Spring Breakers

By James Jay Edwards
Released: March 15, 2013
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Brit (Ashley Benson), Faith (Selena Gomez), Candy (Vanessa Hudgens) and Cotty (Rachel Korine) are best friends anxious to cut loose on their own spring break adventure, but they lack sufficient funds. After holding up a restaurant for quick cash, the girls head to the shore in a stolen car for what they discover is the party of a lifetime. They're thrown in jail - but quickly bailed out by Alien (James Franco), a local rapper, drug pusher and arms dealer who lures them into a criminal underbelly that's as lurid as it is liberating for a close-knit gang of girlfriends who are still figuring out their path.
Film Review
When Harmony Korine busted onto the scene as the writer of Larry Clark's controversial movie Kids, he became one of the young players to watch in the movie business. His directorial debut, Gummo, introduced the world to his quirky style of filmmaking and, judging from Spring Breakers, Korine has not allowed himself to grow up at all.

Spring Breakers is the story of four college girls (Selena Gomez from "Wizards of Waverly Place," Ashley Benson from "Pretty Little Liars," Vanessa Hudgens from "High School Musical," and Rachel Korine from many of husband Harmony's movies including Mister Lonely and Trash Humpers) who are dying to go to Florida for Spring Break. After robbing a cafe to secure the funds (with squirt guns, no less), they make their way south. As soon as they arrive, the girls find themselves at the wrong party and get arrested for drug possession. They are bailed out by a wannabe rapper/drug dealer named Alien (127 Hours' James Franco), but not because he's a nice guy; he expects them to start helping him with his business, and they do...until business gets a little too heavy.

That's pretty much all there is to Spring Breakers. No, really...aside from the last 15 minutes or so, that's the entire movie. What the film lacks in substance, Korine tries to make up for with gimmicks - Spring Breakers is more like an MTV Special than a hard-boiled crime drama. The film is very loose and unstructured. With its long periods of the girls hanging around doing a whole lot of nothing, Spring Breakers seems more like a Frederick Wiseman documentary than a feature film, except that Wiseman’s films have more happening in them.

Spring Breakers really is a mess. While Harmony Korine's entire catalog is somewhat experimental, Spring Breakers lacks focus and is completely disjointed, even by his standards. Korine is credited as both writer and director, but it doesn't seem like the film has much of either going on. The movie comes off like a reality show; the camera seems to just run while the girls make things up on the fly. It would seem as if the actresses, particularly Gomez and Hudgens, are trying to re-invent themselves in order to leave their Disney roots behind. Unfortunately for them, Spring Breakers is not a good vehicle for it. While it is shocking to see the girls associated with the subject matter in the film, it's just not a good enough movie to help any of the cast break their mold. Hopefully, for Harmony Korine's next movie, he'll start with writing a script.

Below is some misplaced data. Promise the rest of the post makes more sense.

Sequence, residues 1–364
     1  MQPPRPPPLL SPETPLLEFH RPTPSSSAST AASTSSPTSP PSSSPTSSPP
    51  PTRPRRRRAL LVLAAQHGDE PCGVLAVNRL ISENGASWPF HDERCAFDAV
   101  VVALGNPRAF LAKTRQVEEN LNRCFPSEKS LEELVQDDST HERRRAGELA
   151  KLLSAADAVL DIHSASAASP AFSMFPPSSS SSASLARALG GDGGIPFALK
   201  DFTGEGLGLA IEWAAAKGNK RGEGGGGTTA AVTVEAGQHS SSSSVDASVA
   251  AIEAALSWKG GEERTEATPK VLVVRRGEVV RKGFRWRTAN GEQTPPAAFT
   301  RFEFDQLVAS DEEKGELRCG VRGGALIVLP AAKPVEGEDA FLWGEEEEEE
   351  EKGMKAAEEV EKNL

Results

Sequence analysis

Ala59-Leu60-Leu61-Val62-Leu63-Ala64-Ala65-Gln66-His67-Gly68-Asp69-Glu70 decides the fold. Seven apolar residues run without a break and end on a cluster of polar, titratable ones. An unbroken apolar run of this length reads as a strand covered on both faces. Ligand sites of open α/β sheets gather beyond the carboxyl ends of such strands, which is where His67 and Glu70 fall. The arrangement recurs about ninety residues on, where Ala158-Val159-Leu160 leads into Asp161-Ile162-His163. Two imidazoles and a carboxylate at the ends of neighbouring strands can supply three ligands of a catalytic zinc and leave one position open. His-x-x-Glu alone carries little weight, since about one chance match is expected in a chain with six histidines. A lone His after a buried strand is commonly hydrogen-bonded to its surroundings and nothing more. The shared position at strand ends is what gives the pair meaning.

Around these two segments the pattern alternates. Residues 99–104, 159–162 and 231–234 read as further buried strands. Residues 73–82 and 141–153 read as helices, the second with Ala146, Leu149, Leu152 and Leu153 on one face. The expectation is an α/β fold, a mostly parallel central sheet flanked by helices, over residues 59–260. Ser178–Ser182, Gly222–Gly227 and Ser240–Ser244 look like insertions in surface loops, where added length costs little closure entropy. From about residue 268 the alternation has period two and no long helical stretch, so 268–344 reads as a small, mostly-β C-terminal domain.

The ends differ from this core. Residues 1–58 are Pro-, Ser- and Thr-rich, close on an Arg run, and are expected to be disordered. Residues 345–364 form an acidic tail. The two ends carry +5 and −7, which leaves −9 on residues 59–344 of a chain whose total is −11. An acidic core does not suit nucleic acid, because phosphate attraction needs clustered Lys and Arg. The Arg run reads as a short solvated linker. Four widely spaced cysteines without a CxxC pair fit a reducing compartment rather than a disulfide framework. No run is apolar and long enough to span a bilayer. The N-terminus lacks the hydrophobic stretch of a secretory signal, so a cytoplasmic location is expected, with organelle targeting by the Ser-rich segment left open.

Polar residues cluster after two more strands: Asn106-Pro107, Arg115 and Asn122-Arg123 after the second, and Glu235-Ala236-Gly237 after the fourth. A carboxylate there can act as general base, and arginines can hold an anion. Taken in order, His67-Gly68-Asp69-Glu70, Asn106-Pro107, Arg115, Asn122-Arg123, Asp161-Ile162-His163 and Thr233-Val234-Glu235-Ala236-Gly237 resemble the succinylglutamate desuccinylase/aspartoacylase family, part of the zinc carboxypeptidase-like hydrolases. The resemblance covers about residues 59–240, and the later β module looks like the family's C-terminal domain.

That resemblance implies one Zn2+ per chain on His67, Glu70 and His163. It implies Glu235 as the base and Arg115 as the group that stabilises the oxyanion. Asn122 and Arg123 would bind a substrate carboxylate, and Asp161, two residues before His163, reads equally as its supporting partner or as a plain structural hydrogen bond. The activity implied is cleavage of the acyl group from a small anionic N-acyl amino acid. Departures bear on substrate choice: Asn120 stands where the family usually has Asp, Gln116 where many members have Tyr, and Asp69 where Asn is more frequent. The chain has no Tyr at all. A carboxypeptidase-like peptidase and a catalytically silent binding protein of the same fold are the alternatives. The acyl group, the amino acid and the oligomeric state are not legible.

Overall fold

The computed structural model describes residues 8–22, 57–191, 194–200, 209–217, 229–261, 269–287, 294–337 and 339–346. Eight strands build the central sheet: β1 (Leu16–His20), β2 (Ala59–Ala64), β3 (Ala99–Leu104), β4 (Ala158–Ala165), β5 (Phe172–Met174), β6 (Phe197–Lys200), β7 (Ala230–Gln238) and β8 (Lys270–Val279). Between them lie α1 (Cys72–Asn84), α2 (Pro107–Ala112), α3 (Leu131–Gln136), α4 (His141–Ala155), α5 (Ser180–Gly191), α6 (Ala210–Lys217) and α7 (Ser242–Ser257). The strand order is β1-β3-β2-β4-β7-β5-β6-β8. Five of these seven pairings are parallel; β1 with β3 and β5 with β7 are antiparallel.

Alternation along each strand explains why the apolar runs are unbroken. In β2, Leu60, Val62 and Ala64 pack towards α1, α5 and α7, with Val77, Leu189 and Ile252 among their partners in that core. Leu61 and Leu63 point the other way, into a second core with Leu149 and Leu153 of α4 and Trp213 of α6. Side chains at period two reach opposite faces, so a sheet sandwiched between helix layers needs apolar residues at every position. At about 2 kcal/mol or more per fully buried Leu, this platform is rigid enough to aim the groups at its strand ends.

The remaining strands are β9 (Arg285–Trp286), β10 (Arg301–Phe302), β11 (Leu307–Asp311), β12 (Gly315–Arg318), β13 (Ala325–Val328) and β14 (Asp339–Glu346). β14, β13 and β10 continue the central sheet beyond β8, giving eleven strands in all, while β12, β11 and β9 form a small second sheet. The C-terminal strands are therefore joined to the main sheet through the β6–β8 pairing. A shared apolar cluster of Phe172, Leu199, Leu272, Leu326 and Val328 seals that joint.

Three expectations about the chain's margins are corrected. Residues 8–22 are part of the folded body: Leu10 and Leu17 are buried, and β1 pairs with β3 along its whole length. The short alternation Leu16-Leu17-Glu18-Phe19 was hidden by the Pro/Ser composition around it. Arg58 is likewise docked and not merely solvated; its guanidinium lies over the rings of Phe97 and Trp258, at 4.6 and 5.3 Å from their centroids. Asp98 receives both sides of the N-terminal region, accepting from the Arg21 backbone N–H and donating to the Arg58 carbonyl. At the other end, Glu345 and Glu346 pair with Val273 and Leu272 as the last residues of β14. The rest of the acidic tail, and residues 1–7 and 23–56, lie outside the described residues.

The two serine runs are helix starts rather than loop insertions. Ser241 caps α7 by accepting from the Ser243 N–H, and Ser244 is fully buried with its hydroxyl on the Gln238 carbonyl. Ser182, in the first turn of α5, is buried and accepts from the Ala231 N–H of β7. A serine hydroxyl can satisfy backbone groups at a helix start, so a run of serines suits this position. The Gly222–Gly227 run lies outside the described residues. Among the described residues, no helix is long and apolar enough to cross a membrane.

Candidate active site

As a reality show rip-off, Spring Breakers is largely improvised off of Harmony Korine's story outline. Unfortunately, that approach only works when the cast is talented. Selena Gomez, Ashley Benson, Vanessa Hudgens and Rachel Korine are not improvisational actors, and they get really annoying after about the third time they all yell "SPRING BREAK!!!" The girls performances are uninspired, repetitive and just plain ridiculous. James Franco, on the other hand, is the shining star in the cast. The man is a chameleon and his turn as the white-boy rapper Alien is a strong point in an otherwise weak film. The audience can almost feel his frustration as he tries to play off of his less experienced castmates. The girls seem to be out of their comfort zones, either because of the lack of a hard script or the change in thematic content from the films they'd made in the past. Either way, aside from Franco, the acting in Spring Breakers isn't convincing.
Besides James Franco's performance, the saving grace in Spring Breakers is the creative and inspiring cinematography by Benoît Debie (The Runaways, The Card Player). Like Harmony Korine's other films, Spring Breakers is gritty and coarse. Most of it looks to have been shot handheld with tight, close shots and lots of camera movement. Long, drawn out takes are used to capture the girl's antics, and they are particularly successful during the few times when the girls are performing actions instead of conversing. For example, in the scene where the girls rob the cafe, the camera stays in the car with the getaway driver as the robbers enter through the restaurant's rear door. The car slowly rolls around to the front of the building with the camera looking past the driver through the windows of the cafe watching the girls terrorizing the customers until they exit from the front and all drive off. It's all done in one take, and it serves as one of the most interesting scenes in the movie. Debie's photography gives the viewer something to look at once they realize that there's not much else to Spring Breakers.

Drama, Comedy
Release Date
March 15, 2013
MPAA Rating
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